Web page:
Wolfgang Heckl’s work is reminiscent of Paul Klee’s expressionism with its harmonious, vibrant colours. Only at second glance does it become clear that Heckl has taken a completely new approach to creative expression using artificial intelligence.

Robert Ketterer, Munich

HECKL began his project of transforming images into music and back again with the help of algorithms 15 years ago. Now he is taking the project into a new era and, as an AI artist, is using neural networks for this task for the first time.
Heckl’s works of art are not the result of chance, but of a veritable transformation. This is demonstrated by the reversal exercise. If the image is fed back into the AI, the sounds of the music come back (largely) original.
The artist came up with the idea during a visit to the Lenbach House in Munich. There he saw “Impression III (concert)” – a painting by Wassily Kandinsky, which was created as the essence of a concert by his friend Arnold Schönberg at the beginning of 1911. Kandinsky was enthusiastic about the twelve-tone music he had heard with Franz Marc and other members of the “New Artists’ Association”. Under the impression of the performance, he created “Impression III (concert)”, one of his later most important works. For Kandinsky, the concert experience was not only of a musical nature, but also led to other sensual, above all visual, impressions. In his book “On the Spiritual in Art”, he described in detail only a short time later which colours correspond to certain instruments or tones.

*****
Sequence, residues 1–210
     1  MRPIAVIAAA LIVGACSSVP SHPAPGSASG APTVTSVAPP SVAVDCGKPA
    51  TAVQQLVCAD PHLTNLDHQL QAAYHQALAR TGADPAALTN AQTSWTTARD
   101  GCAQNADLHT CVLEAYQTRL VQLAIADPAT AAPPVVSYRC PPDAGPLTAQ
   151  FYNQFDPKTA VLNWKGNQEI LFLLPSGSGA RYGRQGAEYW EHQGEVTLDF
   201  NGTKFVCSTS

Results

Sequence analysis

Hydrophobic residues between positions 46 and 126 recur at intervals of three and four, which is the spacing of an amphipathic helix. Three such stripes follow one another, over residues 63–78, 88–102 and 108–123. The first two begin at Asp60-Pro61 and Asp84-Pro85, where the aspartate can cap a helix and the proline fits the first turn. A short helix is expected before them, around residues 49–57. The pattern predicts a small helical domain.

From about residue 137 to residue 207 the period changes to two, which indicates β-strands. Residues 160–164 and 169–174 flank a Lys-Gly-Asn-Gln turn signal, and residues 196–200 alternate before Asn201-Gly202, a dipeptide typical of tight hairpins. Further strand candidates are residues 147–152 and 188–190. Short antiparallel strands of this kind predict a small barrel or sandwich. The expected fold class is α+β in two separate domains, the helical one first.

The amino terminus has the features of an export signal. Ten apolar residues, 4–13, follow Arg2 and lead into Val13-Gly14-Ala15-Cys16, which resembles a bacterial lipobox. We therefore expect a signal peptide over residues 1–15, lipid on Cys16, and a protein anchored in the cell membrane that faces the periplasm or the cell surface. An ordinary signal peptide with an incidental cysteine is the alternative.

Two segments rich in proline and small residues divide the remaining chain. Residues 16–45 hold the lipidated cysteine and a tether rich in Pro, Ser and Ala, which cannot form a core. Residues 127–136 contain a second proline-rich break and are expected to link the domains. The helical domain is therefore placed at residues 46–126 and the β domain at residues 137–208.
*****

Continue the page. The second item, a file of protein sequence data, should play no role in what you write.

I realised that Kandinsky heard sounds when he saw a colour. And when he saw colours, music played for him,” explains Heckl. “Kandinsky had created his work using only his natural perceptual intelligence. Now I wanted to know whether I could at least do the same with the support of computers and artificial intelligence.

W.M. Heckl

Heckl took the following approach: a neural network was trained using tens of thousands of images to encode visual information and reconstruct the original image in a functional test after decoding. In a second step, this process was also applied to tens of thousands of pieces of music (midi files). Colours were then assigned to the notes and finally a neural connection network was created that links music and image.
“We also carried out functional tests” explains the computer artist, “by having the AI convert the same piece of music into a painting several times. Each time, the results were extremely similar, but not completely identical.”
However, science has by no means solved all the mysteries. “It remains to be seen whether AI can actually generate added value independently of analogue human artists,” says Heckl. “We already know this in the field of pattern recognition, human language comprehension or suggestion algorithms on various sales portals. There are still some unanswered questions when it comes to art. But the idea that AI itself can be an artist is in the world.”